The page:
Short-term effects:  Stimulants and CNS depressants present risks for irregular heartbeat, greatly reduced heart rate, seizures, dangerously increased body temperature, and can cause aggressive or paranoid behavior.

Long-term effects:  The greatest risk from these drugs is the significant chance for dependence.  This can lead to greater doses and increased frequency of use.  Attempting to cease use without proper medical help after dependence has been established can be dangerous and even fatal.

Inhalants [gas, aerosols, glue, nitrites, nitrous oxide]

Inhalants are breathable chemical vapors that produce psychoactive effects.  A variety of products common in the home and the workplace contain substances that can be inhaled:

Solvents:  paint thinners or removers, degreasers, dry-cleaning fluids, gasoline, and glue

Art or office supply solventscorrection fluids, felt-tip-marker fluid, and electronic contact cleaners

Gases [used in household or commercial products]: butane lighters and propane tanks, whipped cream aerosols [whip-its], and refrigerant gases

Household aerosol propellants: contained in items such as spray paints, hair or deodorant sprays, fabric protector sprays, and aerosol computer cleaning products

Medical anesthetic gases: ether, chloroform, halothane, and nitrous oxide

Nitrites: volatiles including cyclohexyl, butyl, and aryl nitrites,  commonly known as “poppers”.  Volatile nitrites are often sold in small brown bottles and labeled as “video head cleaner,” “room odorizer,” “leather cleaner,” or “liquid aroma.”

Short-term effects:  These chemicals slow down the body’s functions, and can cause momentary intoxication which, if continued, can lead to stimulation, reduced inhibition, and ultimately loss of consciousness.  Using solvents or aerosol sprays can induce heart failure and death, known as “sudden sniffing death.”  This effect is mostly associated with butane, propane, and chemicals in aerosols. 

Long-term effects:  These chemicals can cause severe damage to the brain, liver, and kidneys. Specifically, they can cause hearing loss, peripheral neuropathies([limb spasms), central nervous system damage, and even bone marrow damage.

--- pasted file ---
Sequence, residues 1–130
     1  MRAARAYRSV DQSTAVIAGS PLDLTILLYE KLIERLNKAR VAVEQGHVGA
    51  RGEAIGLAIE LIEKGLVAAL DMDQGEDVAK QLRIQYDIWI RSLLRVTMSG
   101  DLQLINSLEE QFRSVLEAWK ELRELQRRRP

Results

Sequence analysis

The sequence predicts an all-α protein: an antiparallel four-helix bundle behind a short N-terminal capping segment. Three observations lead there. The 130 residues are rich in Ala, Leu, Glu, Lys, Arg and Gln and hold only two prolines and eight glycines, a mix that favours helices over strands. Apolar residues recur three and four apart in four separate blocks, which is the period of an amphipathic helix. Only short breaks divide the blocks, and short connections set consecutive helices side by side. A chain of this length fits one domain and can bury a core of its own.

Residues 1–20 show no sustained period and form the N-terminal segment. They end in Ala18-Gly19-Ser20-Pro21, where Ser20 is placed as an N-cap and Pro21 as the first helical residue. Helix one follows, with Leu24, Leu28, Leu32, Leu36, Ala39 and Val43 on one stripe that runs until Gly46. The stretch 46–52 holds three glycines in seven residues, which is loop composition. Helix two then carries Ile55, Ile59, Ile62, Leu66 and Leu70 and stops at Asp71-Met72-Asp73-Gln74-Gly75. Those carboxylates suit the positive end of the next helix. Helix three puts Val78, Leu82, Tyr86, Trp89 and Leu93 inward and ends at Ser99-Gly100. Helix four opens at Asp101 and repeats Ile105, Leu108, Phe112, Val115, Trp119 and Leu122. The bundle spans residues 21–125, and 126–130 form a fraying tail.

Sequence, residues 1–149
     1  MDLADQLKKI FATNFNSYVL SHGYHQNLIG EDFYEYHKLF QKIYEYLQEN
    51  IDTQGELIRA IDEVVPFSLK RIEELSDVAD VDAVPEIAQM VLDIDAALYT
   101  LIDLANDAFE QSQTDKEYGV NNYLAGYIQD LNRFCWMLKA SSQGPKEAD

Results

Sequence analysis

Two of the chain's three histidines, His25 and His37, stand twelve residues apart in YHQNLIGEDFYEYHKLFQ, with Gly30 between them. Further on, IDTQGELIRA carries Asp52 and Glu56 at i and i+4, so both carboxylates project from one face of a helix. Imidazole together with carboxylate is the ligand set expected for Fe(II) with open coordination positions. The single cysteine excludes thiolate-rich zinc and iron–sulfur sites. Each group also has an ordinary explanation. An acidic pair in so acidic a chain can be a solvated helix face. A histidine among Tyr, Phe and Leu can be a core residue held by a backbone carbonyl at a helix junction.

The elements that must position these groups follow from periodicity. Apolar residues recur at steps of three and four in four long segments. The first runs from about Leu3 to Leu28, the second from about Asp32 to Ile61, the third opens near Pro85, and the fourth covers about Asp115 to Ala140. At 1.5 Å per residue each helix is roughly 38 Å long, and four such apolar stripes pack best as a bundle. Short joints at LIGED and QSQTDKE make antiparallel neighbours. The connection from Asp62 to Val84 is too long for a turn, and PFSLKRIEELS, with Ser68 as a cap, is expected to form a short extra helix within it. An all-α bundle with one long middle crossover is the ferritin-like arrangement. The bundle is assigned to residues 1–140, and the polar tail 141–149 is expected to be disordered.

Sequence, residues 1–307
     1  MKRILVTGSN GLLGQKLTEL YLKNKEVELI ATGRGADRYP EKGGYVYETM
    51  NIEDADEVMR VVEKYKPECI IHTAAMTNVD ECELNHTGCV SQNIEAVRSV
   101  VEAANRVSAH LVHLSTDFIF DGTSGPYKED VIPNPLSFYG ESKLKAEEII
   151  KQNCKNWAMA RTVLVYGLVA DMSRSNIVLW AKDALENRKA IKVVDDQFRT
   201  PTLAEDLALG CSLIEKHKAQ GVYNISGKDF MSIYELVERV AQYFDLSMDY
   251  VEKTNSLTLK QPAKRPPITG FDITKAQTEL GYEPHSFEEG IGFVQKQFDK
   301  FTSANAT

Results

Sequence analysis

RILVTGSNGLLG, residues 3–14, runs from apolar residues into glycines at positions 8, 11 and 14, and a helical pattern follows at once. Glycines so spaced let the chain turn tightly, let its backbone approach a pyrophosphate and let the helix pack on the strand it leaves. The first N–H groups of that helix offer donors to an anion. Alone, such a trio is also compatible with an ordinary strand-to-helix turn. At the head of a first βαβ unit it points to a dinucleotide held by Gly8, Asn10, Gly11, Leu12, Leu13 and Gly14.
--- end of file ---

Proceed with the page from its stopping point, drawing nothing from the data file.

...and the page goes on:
GHB [gamma hydroxybutyrat] is a central nervous system depressant.  It is made from gamma butyrolactone and sodium or potassium hydroxide, which means that it is essentially degreasing solvent or floor stripper combined with drain cleaner.  In liquid form it is usually clear and looks like water.  GHB and two of its precursors, gamma butyrolactone [GBL] and 1,4 butanediol [BD] have been characterized as predatory drugs used to commit acts of sexual violence.

Effects:  Abuse of GHB can cause amnesia, coma and/or seizures, inability to move, or impaired speech.  There is also a risk of death, especially when combined with alcohol or other drugs.

Substance abuse, whether alcohol or drug, is harmful to your health. Please take the time to read more information about the harmful effects of alcohol and drug abuse cited below:

National Institute on Alcohol Abuse and Alcoholism


National Institute on Drug Abuse


More information about controlled substances can be found in Title 21 United States Code (USC) Controlled Substances Act, Section 811.    

Drug and Alcohol Programs

If you have questions or issues about alcohol and other drugs, there are resources at MSK where you can get help. You may contact Magellan Employee Assistance Program (EAP) and/or Employee Health & Wellness Services (“EH&WS”).  These services are readily available to students and employees who voluntarily seek counseling and rehabilitation.  Magellan EAP offers free confidential short-term counseling and supportive services 24/7/365 to students, employees and family members. Licensed counselors are available in person, by phone, or via messaging therapy (Talkspace). 

For more information or to find care, call Magellan EAP at 800-327-8793 or go to

Employee Health & Wellness Services is located at 222 E. 70th Street, has a satellite office in room MG-03 at 1275 York Avenue, and can be reached at (646) 888-4000.

If a student or staff member shows signs or symptoms of illness or impairment, you should notify your supervisor, Human Resources, EH&WS, or the confidential MSK Compliance Hotline (844-MSKLine). 

Other Resources

MSK Main Security


Administrator On Call

Beeper: 1521; iPhone: 646.581.3582

Paging Operator

212.639.2000 (main line) | 212.639.6680 (private line)

Emergency Dial


Alcoholics Anonymous   (AA)


Women for Sobriety


Smart Recovery Self-Help Network


Narcotics Anonymous


Cocaine Anonymous


Disciplinary Sanctions